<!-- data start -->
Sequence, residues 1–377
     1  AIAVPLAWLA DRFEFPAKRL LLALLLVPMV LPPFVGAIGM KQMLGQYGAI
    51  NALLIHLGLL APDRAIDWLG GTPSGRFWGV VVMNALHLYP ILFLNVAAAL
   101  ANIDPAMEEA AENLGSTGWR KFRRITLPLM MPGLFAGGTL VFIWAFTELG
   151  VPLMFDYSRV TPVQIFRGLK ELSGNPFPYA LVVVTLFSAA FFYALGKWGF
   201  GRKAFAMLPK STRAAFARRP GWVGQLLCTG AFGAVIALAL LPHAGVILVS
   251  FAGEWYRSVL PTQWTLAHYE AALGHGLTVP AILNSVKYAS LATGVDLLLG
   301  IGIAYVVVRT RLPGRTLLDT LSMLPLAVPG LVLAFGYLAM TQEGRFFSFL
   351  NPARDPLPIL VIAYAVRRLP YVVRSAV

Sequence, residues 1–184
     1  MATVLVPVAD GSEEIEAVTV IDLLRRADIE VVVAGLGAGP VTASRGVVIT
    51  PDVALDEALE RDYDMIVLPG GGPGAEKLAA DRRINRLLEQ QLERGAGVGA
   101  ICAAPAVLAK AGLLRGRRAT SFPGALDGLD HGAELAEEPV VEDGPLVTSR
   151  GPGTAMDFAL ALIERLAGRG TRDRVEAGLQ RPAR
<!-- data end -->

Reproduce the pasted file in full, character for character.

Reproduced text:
Sequence, residues 1–377
     1  AIAVPLAWLA DRFEFPAKRL LLALLLVPMV LPPFVGAIGM KQMLGQYGAI
    51  NALLIHLGLL APDRAIDWLG GTPSGRFWGV VVMNALHLYP ILFLNVAAAL
   101  ANIDPAMEEA AENLGSTGWR KFRRITLPLM MPGLFAGGTL VFIWAFTELG
   151  VPLMFDYSRV TPVQIFRGLK ELSGNPFPYA LVVVTLFSAA FFYALGKWGF
   201  GRKAFAMLPK STRAAFARRP GWVGQLLCTG AFGAVIALAL LPHAGVILVS
   251  FAGEWYRSVL PTQWTLAHYE AALGHGLTVP AILNSVKYAS LATGVDLLLG
   301  IGIAYVVVRT RLPGRTLLDT LSMLPLAVPG LVLAFGYLAM TQEGRFFSFL
   351  NPARDPLPIL VIAYAVRRLP YVVRSAV

Sequence, residues 1–184
     1  MATVLVPVAD GSEEIEAVTV IDLLRRADIE VVVAGLGAGP VTASRGVVIT
    51  PDVALDEALE RDYDMIVLPG GGPGAEKLAA DRRINRLLEQ QLERGAGVGA
   101  ICAAPAVLAK AGLLRGRRAT SFPGALDGLD HGAELAEEPV VEDGPLVTSR
   151  GPGTAMDFAL ALIERLAGRG TRDRVEAGLQ RPAR